Increased weight. As noted, increasing vehicle weight due to battery size has implications for wheel bearings. Take, for example, that a 60 kWh electric battery weighs around 950 pounds, contributing to a total midsize EV weight of about 3,500 pounds. This vehicle will have a range of about 250 miles. A similar sized hybrid with an ICE, electric battery and electric drive motor will typically weigh about the same. Meanwhile, an equivalent ICE-only vehicle will only weigh 2,500-2,800 pounds depending on the engine size. This increased weight, both in HEVs and EVs, has the potential to reduce bearing life by up to 30%. Light trucks may have to change the wheel bearing types to support the extra load.
New greases. Elsewhere, EVs will incorporate a few entirely new greases without comparable applications in ICE vehicles. First, transmission electric motor bearings may be grease lubricated when incorporated within the gearbox or differential. Second, electric motor bearing greases in these applications must deliver long life, low noise, conductivity or insulative performance, and energy efficiency.
Obsoleted greases. There are several traditional ICE grease applications that will simply become obsolete in most EVs. These include many applications through the driveshafts, like center bearings, high-speed constant velocity (CV) joints, universal joints, and sliding splines. Accessory drive bearings will also be obsoleted, along with the need for grease in water pumps, engine cooling fan bearings, alternators and belt tensioner pulley bearings. Starter motors and their associated greases are not required for EV operation.
Modified greases. Many greases required in today’s ICE vehicles will also be required in EV applications, with some notable changes.
One of the most important characteristics of electric bearing motor greases, for example, is their electrical conductivity. There are two primary concerns here: First, if a grease’s conductivity is too high, it could lead to current leakages and short-circuiting. There is no hard-and-fast limit on how high is too high; it will depend on the specific application. Second, if a grease’s conductivity is too low, this can lead to static electricity buildup and arcing, which can cause significant damage to the motor bearings. Again, there is not a set limit—the specific application will determine how low conductivity should be. OEMs and grease formulators will need to work closely together to determine the optimum levels of conductivity.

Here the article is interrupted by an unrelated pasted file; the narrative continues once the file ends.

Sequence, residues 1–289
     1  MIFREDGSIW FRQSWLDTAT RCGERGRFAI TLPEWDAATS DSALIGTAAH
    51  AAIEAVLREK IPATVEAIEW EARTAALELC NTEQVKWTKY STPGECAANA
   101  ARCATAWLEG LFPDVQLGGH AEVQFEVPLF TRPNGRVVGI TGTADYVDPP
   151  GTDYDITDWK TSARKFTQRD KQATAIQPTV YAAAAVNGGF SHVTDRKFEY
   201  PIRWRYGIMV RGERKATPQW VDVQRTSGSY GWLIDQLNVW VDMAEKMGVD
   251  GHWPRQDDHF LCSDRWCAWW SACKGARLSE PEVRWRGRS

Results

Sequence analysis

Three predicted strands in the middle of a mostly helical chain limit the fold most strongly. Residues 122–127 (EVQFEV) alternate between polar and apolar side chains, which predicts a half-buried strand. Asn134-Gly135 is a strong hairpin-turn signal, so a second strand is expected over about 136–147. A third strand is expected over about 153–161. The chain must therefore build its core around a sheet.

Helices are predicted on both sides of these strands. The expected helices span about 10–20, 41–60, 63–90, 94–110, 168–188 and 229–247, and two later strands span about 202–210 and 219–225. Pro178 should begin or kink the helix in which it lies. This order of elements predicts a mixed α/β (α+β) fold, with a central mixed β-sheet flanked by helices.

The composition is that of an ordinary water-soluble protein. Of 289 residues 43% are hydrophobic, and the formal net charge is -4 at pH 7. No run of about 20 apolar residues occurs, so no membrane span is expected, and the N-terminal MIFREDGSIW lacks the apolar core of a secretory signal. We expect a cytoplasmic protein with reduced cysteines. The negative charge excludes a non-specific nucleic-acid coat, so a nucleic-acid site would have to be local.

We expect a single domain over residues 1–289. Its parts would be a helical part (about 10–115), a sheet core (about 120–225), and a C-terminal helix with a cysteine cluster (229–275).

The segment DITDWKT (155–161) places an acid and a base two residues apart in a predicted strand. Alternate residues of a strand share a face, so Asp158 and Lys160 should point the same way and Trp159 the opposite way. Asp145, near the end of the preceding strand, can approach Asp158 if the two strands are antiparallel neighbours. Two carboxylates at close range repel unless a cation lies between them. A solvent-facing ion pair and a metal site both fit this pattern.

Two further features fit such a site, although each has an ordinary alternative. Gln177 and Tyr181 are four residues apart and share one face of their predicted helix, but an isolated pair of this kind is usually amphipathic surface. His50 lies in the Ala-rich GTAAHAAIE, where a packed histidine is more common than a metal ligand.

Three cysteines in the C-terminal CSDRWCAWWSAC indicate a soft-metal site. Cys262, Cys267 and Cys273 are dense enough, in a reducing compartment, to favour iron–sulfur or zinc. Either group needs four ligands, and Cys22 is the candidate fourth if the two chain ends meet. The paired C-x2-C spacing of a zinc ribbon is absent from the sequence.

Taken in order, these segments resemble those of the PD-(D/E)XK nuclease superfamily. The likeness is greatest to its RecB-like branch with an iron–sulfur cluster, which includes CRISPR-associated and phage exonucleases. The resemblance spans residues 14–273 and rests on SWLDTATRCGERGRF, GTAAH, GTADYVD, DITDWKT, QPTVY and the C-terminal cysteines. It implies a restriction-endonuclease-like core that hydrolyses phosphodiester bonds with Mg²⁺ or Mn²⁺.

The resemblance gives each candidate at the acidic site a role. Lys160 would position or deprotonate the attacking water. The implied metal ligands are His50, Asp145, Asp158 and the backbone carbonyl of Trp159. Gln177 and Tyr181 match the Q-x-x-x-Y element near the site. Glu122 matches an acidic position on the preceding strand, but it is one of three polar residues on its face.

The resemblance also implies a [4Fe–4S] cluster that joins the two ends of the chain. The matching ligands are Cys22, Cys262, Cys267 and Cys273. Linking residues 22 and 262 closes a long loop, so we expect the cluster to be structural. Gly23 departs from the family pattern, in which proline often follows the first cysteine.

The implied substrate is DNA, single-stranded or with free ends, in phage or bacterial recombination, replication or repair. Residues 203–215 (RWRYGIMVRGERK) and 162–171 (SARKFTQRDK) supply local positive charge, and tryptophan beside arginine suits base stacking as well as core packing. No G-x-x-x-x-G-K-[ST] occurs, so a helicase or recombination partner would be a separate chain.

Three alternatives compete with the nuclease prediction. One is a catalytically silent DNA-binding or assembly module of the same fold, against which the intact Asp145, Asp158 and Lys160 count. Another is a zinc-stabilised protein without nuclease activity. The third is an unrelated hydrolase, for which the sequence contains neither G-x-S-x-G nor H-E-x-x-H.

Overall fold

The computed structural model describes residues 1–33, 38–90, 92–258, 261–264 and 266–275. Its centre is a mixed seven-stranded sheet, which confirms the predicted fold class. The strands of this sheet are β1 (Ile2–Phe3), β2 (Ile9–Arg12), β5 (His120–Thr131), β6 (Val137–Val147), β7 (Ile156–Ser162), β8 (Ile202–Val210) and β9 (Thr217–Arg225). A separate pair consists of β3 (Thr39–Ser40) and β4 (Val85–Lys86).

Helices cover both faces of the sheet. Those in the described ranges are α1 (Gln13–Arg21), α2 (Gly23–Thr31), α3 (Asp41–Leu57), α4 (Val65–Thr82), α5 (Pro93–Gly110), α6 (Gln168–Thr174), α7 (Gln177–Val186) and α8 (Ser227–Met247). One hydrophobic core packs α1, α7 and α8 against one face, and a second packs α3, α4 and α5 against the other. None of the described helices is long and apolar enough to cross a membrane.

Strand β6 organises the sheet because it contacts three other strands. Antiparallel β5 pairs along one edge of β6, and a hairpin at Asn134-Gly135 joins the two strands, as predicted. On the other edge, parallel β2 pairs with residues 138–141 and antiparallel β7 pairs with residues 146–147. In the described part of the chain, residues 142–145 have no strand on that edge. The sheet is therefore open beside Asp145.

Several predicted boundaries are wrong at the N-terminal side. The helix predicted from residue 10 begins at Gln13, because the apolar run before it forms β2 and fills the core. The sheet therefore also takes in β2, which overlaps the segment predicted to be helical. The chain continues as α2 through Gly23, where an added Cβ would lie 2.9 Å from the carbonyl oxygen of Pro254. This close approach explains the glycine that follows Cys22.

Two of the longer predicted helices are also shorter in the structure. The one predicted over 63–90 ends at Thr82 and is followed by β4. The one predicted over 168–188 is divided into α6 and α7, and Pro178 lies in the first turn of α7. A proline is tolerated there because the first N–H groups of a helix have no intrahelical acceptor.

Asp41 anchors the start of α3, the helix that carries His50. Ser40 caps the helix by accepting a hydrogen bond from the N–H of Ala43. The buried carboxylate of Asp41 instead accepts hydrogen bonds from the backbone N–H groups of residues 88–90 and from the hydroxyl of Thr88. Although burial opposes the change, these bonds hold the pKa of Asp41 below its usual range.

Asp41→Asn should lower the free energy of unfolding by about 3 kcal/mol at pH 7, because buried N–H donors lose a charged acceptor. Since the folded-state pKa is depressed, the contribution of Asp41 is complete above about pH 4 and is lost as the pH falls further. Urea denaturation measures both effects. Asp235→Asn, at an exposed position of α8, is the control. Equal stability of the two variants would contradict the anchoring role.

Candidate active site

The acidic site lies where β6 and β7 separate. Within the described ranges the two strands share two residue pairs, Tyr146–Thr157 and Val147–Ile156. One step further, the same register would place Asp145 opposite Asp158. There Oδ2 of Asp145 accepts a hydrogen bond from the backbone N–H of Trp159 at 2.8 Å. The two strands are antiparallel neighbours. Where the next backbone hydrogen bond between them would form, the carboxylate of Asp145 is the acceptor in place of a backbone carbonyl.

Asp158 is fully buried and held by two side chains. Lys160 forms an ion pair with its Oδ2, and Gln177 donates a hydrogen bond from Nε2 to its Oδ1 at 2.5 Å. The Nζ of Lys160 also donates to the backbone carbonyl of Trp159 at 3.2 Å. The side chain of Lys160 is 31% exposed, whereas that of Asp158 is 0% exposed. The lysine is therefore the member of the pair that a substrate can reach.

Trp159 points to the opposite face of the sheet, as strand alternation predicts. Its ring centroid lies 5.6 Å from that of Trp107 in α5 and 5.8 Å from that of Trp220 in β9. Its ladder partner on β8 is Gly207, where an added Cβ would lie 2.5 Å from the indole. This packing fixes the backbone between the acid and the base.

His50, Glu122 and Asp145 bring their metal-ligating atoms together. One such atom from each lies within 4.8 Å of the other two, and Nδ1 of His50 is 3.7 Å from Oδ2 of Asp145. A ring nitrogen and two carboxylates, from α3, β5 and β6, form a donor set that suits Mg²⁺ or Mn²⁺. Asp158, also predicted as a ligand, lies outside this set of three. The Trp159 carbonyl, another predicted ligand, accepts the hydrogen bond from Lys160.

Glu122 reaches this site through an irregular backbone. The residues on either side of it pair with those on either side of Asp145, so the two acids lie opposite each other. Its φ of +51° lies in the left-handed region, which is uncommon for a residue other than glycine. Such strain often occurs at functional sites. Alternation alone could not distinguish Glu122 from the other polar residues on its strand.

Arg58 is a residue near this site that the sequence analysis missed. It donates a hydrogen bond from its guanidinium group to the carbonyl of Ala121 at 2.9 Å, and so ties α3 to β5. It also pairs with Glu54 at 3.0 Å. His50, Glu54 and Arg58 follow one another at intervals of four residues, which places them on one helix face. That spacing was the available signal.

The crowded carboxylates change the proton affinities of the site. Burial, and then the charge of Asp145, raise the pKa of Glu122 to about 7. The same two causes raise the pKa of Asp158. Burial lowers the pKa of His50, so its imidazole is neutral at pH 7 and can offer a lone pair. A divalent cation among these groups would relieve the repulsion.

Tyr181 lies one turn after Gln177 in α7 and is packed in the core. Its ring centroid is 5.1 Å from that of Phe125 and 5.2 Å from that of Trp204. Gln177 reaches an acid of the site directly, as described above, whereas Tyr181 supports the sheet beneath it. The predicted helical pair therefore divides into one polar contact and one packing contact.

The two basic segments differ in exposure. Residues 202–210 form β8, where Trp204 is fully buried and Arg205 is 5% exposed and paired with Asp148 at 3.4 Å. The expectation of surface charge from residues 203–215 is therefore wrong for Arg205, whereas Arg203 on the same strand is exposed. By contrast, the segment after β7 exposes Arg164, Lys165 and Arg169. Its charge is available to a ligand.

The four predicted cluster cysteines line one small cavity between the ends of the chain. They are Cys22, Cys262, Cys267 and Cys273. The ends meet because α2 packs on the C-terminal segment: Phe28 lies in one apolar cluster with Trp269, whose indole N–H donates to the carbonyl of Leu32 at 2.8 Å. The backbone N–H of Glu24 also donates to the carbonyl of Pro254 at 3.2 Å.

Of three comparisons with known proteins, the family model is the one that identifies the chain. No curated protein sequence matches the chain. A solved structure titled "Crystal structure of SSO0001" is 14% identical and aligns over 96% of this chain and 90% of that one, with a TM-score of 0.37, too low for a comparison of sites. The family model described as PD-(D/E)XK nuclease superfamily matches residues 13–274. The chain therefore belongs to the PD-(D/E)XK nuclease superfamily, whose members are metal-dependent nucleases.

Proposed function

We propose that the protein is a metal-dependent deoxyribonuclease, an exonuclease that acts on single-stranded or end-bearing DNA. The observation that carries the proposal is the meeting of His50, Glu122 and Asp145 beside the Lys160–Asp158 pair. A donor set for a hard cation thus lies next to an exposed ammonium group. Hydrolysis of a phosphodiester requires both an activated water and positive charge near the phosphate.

Certain greases in EVs also have a significant opportunity to contribute to greater vehicle efficiency, and therefore to improving the range of EVs. These applications include:
- Drivetrain joints and bearings
- Front end accessory drive bearings
- Wheel bearings
- Steering mechanisms
Within these four critical applications, however, delivering higher efficiency comes with some inherent challenges. For example, at low speeds, good lubrication films are not generated. There is a tendency for in-boundary lubrication, which can result in energy losses. While moving to a thicker base oil will increase lower speed film thickness, it will lead to higher speed churning losses. Meanwhile, at higher speeds, the lubrication films generated tend to be thicker. In these instances, lower-viscosity greases can deliver thinner films, which reduce churning losses. However, if the film is too thin, component durability may be compromised.
A balance must be struck, and advanced formulations will be required to deliver the necessary performance. The right base oil selection, thickeners, and additive packages can all contribute to a formulation that is ideal for an efficient EV grease.
As the number of electrified vehicles on roadways continues to increase around the world, it is critical for stakeholders to consider the ways in which grease formulations will be impacted. While there are many unknowns, it is clear that certain critical greases can help deliver increased energy efficiency and range, along with overall vehicle durability. Grease formulations that strike the balance between lower viscosities to reduce churning loss while maintaining the highest level of protective properties can deliver on those goals. As an industry, we must work together to develop the formulations that can help EVs meet their fullest potential for a cleaner future.
Dr. Gareth Fish
Dr. Gareth Fish is a technical fellow at The Lubrizol Corporation. He is an internationally recognized lubricants industry professional with over 37 years of experience. Dr. Fish earned a B.Sc. in Chemistry and a Ph.D. in Tribology from Imperial College of Science, Technology and Medicine, in London, England. He is a Chartered Scientist, has earned STLE CLS and NLGI CLGS certifications, authored more than 60 technical papers on grease and tribology and three book chapters and been awarded three U.S. patents and has taught more than 70 public classes on grease and tribology. In addition, Dr. Fish has won nine industry prizes for papers and publications on lubricating grease, including the NLGI Achievement Award for his more than 30-year contribution to the grease industry.